Friday, October 19, 2007

Bob Klapisch: Pride of a Yankee

Bergen County Record

Friday, October 19, 2007

New York Yankees manager Joe Torre, left, owner George Steinbrenner, center, and general manager Brian Cashman, right, look on during batting practice at spring training workouts in Tampa, Fla., in this Feb. 26, 2005.

The Joe Torre era didn't end with a bang or a whimper, just a polite "no thanks" from the man who could've (and should've) told the Yankees exactly where to go. After 12 classy years in pinstripes, Torre is history -- and so is the era of Yankee professionalism. Even in his final hour as manager, handed an offer he couldn't possibly accept, Torre handled his execution with remarkable grace.

One person who was in the room with Torre on Thursday afternoon was stunned at how amicably the manager said goodbye. "I'm sorry, I just can't accept this," is what Torre said of the one-year, $5 million contract. There were no arguments, no raised voices, no attempt to change anyone's mind. Torre deserved more, he deserved better, but he wasn't about to start begging. Not after the best run in Yankee history.

It's a lousy way to treat a future Hall of Famer, although the Yankees are already cranking out their own spin. They're insisting the offer was more than fair, maintaining Torre's status as the game's highest-paid manager, with performance clauses that would've made him even wealthier in 2008 than he was in 2007. But it wasn't the money that bothered Torre; it was the one-year commitment, the imposition of a forced audition for 2009 that drove him out.

Make no mistake, the Yankees wanted Torre to go away. The front office's second-guessing of the manager had reached epidemic proportions by 2007, leaving Torre without a single dependable ally. The loss to the Indians in the division series was the final straw; everyone blamed Torre for not taking the Yankees off the field while they were being swarmed by the Jacobs Field midges. Now the only problem was finding an exit strategy.

That was no easy task, considering George Steinbrenner had turned Torre into a martyr by firing him in the newspaper before Game 3. After the Yankees were eliminated, ownership found a loophole, giving him an easy $5 million with a chance to make it $8 million if only he could reach the World Series. But no one was fooled. Attaching postseason performance clauses to a manager's contract is the equivalent of madness; the randomness and unpredictability of a short series is beyond anyone's control, especially a manager's. It was the 162-game regular season where Torre left his mark on the Yankees, year after year.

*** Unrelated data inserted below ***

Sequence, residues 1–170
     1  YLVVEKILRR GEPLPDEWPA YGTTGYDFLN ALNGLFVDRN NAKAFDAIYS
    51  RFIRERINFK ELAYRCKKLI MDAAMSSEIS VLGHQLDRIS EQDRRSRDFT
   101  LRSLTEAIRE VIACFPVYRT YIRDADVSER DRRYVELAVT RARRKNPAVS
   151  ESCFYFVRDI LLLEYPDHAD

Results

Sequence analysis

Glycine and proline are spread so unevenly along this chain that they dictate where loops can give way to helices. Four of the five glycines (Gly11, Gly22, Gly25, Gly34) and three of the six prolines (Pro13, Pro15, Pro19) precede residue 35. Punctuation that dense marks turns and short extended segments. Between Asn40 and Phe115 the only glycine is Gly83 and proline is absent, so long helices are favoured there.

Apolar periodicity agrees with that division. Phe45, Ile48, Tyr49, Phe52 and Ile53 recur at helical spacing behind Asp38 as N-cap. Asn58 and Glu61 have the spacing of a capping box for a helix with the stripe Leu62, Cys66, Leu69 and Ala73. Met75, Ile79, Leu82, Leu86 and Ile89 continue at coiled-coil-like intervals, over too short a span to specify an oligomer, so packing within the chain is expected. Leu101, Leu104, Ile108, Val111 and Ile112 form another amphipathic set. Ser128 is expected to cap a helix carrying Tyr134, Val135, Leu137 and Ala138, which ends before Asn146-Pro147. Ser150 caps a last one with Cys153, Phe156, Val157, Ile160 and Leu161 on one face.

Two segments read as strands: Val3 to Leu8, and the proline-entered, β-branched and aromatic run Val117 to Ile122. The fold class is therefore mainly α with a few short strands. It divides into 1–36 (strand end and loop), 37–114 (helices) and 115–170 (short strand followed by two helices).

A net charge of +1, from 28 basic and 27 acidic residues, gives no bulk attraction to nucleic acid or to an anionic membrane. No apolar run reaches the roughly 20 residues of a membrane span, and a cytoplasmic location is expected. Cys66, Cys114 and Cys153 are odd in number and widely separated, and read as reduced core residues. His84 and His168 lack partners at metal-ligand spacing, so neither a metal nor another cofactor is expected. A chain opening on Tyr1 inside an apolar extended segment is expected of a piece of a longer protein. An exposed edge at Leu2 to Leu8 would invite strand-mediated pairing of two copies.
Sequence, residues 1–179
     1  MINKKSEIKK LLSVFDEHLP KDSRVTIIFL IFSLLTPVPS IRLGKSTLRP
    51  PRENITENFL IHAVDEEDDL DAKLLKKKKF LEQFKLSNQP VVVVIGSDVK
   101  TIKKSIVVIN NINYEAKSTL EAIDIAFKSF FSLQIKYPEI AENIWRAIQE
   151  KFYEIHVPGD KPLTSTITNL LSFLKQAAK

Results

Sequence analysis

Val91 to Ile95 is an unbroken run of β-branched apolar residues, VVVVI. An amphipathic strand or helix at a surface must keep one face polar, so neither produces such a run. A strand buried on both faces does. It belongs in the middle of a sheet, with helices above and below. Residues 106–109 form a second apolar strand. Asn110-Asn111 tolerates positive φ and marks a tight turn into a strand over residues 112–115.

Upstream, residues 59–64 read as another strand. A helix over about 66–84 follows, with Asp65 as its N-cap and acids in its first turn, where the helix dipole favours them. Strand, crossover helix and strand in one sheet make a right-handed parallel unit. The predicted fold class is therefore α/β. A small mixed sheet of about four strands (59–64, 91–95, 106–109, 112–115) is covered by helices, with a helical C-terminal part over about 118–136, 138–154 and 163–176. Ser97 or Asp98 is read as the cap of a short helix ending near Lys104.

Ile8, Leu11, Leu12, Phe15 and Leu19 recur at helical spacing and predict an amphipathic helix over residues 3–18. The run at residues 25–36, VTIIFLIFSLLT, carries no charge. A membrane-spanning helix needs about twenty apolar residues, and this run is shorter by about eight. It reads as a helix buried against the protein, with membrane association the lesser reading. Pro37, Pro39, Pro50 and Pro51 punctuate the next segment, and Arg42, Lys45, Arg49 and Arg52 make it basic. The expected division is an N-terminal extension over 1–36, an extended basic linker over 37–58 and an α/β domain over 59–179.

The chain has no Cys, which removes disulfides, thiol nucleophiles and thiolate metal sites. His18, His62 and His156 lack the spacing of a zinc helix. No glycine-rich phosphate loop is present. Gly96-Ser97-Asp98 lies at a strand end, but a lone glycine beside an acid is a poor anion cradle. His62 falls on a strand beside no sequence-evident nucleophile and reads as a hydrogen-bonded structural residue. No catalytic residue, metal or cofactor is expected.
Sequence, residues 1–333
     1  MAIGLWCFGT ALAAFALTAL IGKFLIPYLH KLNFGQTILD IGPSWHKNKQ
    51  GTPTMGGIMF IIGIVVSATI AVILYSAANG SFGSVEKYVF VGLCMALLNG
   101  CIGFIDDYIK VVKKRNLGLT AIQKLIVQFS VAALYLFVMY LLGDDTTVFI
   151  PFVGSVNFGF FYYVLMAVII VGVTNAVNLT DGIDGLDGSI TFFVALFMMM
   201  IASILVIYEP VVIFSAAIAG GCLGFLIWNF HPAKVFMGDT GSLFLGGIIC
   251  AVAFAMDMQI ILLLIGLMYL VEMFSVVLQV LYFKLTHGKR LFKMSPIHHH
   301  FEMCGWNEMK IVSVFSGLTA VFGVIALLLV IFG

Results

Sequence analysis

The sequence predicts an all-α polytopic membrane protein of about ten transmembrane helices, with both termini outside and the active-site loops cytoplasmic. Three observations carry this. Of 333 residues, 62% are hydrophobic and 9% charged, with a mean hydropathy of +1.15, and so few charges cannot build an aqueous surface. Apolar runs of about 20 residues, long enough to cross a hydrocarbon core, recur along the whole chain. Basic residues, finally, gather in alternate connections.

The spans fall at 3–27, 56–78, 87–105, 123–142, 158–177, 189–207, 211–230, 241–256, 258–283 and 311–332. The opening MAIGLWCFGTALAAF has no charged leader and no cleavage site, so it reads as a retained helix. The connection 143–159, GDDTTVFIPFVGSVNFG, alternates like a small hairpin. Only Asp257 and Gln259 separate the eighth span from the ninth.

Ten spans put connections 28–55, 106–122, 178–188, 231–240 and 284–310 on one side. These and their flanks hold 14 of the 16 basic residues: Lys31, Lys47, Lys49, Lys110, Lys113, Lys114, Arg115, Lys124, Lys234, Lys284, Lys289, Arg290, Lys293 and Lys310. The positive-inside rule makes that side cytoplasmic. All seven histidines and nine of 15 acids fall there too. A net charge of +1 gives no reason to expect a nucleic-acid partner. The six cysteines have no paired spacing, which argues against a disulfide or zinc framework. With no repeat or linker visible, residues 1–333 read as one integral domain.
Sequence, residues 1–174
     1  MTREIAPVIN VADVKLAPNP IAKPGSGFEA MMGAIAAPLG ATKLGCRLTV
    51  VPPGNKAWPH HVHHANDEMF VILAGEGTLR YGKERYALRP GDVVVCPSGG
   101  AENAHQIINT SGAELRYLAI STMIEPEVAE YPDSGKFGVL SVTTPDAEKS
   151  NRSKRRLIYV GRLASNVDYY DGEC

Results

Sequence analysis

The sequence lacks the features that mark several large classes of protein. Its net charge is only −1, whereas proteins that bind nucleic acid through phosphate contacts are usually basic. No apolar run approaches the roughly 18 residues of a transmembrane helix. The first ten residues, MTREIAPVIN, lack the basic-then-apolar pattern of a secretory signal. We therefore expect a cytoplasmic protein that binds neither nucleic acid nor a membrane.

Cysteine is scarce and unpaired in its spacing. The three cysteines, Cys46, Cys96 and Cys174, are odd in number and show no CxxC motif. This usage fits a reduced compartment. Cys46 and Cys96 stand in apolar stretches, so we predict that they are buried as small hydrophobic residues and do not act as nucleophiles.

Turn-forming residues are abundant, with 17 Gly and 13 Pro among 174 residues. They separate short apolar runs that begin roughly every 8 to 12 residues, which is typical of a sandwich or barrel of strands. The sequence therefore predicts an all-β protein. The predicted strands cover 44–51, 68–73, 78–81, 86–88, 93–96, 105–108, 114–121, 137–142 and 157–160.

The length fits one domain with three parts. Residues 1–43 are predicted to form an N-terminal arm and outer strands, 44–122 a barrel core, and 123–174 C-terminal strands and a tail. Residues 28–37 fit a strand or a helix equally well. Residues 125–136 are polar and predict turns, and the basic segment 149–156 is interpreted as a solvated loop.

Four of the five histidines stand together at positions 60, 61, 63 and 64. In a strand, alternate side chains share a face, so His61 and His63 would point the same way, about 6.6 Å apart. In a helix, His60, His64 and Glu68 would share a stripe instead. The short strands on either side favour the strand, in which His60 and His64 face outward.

But Torre shouldn't have been surprised at the stripped-down offer. The fact that this process took 10 days should've been a tipoff to the Yankees' lack of warmth toward him. They turned Torre into a prisoner in his own house, forcing him to dodge photographers perched on his front lawn. Not that anyone in the front office felt particularly sorry for Torre under siege.

"Oh, I'm sure he's loving this," one insider said matter-of-factly. Too bad the Yankees lost sight of what Torre really meant to the organization. Too bad the Yankees don't understand that ballplayers, especially superstars, sense weakness in a manager, and that there's nothing more vulnerable than a skipper who doesn't have the front office's support.

After a dozen years in office, Torre would've been politically crippled in his own clubhouse had he accepted a one-year contract. The players would've never said so, of course, but they would've subtly started drifting beyond Torre's grasp. His words, his message, his closed-door meetings would've had reduced impact. Torre would've sounded like a man desperate to keep his job.

Good for Torre that he finally said no to the Steinbrenner family. He walks away as the winner, and today at the Rye Brook Hilton in Westchester County, N.Y., Torre will tell his side of the story. But you can bet there will be no recriminations. Joe Cool had his chance to tell the Steinbrenners off on Thursday, alone in that Legends Field conference room, but he never lowered himself to that. Good for him.

Now it's the Yankees' turn to learn a lesson. They'll find out the hard way how difficult it is to manage in New York. They'll watch Torre's replacement squirm under the unrelenting pressure from the fans, the tabloids, talk radio programs, from the Steinbrenners themselves. They'll learn that there's more to running the Yankees than knowing when to bring Mariano Rivera into the game or finessing the batting order.

It's about managing a room full of celebrities, dealing with A-Rod's insecurities, Jason Giambi's steroids scandal, Mike Mussina's eccentricities, Robinson Cano's excess-cool. It's navigating through the ever-expanding roster of Yankee power brokers.

Once upon a time, surviving as Yankee manager meant getting along with one person, George Steinbrenner. Now there are three Steinbrenners in this equation, not to mention GM Brian Cashman and team president Randy Levine. Good luck to the next guy trying to play five-on-one politics. Good luck to the next manager who's stuck with Giambi cogging the bases or Chien-Ming Wang's balky sinker. Good luck to the next guy if A-Rod doesn't come back. Or Rivera. Or Jorge Posada.

Torre was willing to shoulder those burdens, but not in exchange for a one-year deal. He loved the job, but not at the expense of his self-respect. Torre did what any emotionally healthy person would've done on Thursday: he said goodbye, no thanks. He could've (and should've) said more, but Joe Cool doesn't roll like that. He'll be missed.


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